• Emperor Doom sees Doom successfully Take Over the World by harnessing the mind control powers of the Purple Man. He is aided in his goal by Namor in exchange for giving him rule of the seas. Rather than keeping his end of the deal, Doom reduces Namor to a mind controlled slave for no reason other than because he felt like it. This means that later when some of The Avengers manage to break of Doom's mind control, they free Namor in the assualt on the machine that controlled humanity and he turns on Doom as well. Not that that mattered because at the last minute Doctor Doom realized how bored he was as the uncontested ruler of the world and let the Avengers break his machine. In essence Doom showed if he succeeds in any of his goals he will render his victories meaningless.
  • Sufficiently Advanced Alien: In Iron Man: Armored Adventures. Doom is still human in this series, but qualifies since his armor, rather than being Magitek, instead works by manipulating quantum fields. The series for some reason felt the need to abandon any supernatural explanations for powers with both him and the Mandarin.
  • Superhero Packing Heat: While Doom wields powers both vast and manifold, he still carries a regular gun, for dispatching whom he considers nuisances not worthy of his full attention.
  • Superman Stays Out of Gotham: When it comes to threats to the entire world, Doom prefers to let the heroes justify their name, which is probably why in many a Bad Future he's depicted as being deceased.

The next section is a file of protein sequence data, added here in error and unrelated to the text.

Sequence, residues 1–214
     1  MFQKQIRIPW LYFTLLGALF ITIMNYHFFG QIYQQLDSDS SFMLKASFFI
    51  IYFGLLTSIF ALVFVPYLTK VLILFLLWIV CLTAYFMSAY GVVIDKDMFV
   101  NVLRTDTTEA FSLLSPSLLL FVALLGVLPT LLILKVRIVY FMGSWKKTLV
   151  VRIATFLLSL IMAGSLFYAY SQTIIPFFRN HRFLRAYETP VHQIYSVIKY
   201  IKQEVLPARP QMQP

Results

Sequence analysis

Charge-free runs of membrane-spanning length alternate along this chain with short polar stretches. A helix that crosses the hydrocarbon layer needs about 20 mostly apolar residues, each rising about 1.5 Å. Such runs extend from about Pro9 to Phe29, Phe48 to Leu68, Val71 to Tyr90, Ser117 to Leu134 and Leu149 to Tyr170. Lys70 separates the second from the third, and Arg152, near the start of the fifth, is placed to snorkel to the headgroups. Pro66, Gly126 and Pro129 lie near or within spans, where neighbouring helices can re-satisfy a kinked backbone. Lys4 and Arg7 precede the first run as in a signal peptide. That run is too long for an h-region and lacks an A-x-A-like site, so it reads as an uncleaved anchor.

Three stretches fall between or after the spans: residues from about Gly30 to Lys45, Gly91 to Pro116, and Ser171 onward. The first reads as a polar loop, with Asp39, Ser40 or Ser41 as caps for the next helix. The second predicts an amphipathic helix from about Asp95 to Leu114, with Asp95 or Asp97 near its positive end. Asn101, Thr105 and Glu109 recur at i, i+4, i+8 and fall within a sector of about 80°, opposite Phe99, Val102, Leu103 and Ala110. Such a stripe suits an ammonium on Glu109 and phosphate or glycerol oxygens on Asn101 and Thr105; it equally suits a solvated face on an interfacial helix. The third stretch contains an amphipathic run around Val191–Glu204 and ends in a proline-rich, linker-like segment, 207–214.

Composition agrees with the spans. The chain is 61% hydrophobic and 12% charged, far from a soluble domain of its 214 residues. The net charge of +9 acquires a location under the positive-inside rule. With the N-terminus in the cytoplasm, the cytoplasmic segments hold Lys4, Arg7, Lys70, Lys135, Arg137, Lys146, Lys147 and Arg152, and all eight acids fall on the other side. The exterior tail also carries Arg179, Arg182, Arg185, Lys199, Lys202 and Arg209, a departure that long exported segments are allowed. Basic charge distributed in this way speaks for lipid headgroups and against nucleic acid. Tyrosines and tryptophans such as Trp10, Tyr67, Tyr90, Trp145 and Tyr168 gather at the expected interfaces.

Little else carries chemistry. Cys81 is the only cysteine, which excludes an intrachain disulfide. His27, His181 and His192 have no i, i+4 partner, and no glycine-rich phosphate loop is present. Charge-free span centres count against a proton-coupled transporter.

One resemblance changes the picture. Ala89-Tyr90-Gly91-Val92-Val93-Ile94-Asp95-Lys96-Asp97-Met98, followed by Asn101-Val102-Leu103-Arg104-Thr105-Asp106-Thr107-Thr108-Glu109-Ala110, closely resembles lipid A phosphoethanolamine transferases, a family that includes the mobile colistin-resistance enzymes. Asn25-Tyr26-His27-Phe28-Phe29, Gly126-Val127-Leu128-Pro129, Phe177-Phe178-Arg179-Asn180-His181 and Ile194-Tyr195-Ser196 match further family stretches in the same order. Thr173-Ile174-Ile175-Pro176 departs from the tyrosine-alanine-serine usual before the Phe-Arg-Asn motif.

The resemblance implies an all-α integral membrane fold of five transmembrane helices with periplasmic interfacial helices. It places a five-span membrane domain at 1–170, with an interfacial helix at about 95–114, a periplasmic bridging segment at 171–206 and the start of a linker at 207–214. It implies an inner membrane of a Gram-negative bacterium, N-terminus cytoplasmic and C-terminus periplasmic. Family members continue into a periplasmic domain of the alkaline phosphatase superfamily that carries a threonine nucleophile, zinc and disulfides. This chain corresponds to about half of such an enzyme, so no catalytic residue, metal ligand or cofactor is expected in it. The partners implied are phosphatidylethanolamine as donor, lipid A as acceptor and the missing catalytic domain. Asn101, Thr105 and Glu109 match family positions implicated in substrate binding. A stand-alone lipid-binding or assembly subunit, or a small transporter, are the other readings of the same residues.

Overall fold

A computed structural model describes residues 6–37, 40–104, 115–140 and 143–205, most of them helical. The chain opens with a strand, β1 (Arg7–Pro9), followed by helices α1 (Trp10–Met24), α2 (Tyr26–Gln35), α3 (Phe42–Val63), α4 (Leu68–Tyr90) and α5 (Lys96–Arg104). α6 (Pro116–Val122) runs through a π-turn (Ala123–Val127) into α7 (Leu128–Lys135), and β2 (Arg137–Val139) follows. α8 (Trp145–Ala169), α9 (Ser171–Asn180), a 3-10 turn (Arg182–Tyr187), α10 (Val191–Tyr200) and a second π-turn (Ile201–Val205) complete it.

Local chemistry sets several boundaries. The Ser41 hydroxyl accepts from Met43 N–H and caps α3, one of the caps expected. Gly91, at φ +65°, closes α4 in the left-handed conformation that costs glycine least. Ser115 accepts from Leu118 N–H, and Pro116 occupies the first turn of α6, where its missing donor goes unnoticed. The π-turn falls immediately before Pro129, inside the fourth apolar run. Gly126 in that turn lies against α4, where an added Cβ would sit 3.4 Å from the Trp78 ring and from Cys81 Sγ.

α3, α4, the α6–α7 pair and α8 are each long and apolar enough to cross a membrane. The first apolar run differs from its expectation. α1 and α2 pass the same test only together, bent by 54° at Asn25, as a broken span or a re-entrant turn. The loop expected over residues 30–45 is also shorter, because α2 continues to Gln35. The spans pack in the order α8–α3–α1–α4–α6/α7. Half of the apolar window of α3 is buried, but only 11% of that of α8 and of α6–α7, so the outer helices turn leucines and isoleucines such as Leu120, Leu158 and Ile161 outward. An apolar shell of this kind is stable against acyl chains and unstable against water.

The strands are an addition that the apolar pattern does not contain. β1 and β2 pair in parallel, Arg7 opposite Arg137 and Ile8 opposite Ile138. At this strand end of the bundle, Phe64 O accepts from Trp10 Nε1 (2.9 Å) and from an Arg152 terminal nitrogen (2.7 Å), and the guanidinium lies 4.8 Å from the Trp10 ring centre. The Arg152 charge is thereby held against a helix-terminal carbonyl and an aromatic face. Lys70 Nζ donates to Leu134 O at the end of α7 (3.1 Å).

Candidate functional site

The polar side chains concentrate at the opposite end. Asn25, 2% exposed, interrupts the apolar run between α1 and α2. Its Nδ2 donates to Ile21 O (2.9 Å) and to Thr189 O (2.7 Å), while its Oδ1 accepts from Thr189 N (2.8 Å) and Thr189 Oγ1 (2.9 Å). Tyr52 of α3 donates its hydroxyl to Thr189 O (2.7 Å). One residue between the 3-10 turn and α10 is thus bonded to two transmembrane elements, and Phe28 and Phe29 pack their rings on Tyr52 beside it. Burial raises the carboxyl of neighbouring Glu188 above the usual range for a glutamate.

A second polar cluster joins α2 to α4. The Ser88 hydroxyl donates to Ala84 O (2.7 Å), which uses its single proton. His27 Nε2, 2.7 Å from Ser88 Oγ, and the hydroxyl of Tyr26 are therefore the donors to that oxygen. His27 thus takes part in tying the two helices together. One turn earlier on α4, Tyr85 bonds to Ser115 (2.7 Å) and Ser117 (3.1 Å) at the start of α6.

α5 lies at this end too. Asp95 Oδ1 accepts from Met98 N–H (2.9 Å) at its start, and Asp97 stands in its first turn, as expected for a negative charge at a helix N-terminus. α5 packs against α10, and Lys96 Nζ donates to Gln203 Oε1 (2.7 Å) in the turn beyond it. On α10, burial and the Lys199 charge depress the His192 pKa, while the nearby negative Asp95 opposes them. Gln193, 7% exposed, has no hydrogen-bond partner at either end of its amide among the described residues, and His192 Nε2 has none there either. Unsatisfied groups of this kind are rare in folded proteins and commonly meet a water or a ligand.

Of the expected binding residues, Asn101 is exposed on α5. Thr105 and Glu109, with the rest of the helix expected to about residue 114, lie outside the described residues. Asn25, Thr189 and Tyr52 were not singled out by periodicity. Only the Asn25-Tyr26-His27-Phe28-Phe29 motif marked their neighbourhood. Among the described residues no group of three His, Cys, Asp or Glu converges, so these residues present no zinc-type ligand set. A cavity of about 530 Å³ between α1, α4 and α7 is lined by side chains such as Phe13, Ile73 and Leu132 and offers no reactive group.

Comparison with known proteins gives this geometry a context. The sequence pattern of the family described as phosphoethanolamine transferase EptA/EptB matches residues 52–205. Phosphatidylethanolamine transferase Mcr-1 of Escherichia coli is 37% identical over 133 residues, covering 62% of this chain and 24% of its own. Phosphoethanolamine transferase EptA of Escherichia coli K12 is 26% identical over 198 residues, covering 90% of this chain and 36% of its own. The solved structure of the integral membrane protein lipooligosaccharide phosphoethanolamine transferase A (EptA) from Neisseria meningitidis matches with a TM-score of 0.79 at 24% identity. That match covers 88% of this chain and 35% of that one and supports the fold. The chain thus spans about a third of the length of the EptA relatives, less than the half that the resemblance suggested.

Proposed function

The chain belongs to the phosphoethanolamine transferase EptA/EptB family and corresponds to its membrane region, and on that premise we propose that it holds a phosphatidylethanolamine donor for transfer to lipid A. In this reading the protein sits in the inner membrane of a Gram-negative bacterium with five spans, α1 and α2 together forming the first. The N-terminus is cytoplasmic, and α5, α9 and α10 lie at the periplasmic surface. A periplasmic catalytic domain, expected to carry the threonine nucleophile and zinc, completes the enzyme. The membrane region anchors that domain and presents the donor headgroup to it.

• Surrounded by Idiots: It is inevitable, when his intelligence eclipses that of everyone around his.
  • Steven Ulysses Perhero: He's called Victor Von Doom. It has been joked that he never had a chance of journeying down a different path in life due this. The 2005 film lampshaded this; according to Ben Grimm, he changed his name to Doom in order to intimidate people.
  • Take Our Word for It:
    • Marvel never showed his face in the comics. However, many horrified reactions are shown.
    • Finally averted during Secret Wars (2015). The horror of Doom's scarred visage have been shown in a tender moment between Susan Storm and him.
  • Take Over the World: He has in fact succeeded at least twice. To say nothing of the time he essentially took over the universe during Secret Wars (2015).
  • Taught by Experience: Doom learns from his mistakes. For instance, Iron Man once tried to trespass into his castle with stealth armor making him invisible, not realizing that he had long equipped his security systems to detect such intruders such as Susan Richards with her invisibility powers.
  • Tautological Templar: Doom is always right. ALWAYS!!!!!!!!!!! This, in a nutshell, sums up everything about Doctor Doom's character; he sincerely believes he's the smartest man in the world, a veritable god, and that his brilliance means he deserves to rule over the world. Depending on the Writer, sometimes, the authors seem to agree with him.
  • Tempting Fate: Doom once held the Hulk in a field of force which he claimed nothing in the cosmos could possibly penetrate. Once he stated this to his face, he tore it asunder readily.
  • Theory of Narrative Causality: Doom ascribes to this theory. Doom's life is the story of Doom, and if one day Doom's story should end? Then it shall be because Doom wishes it to end.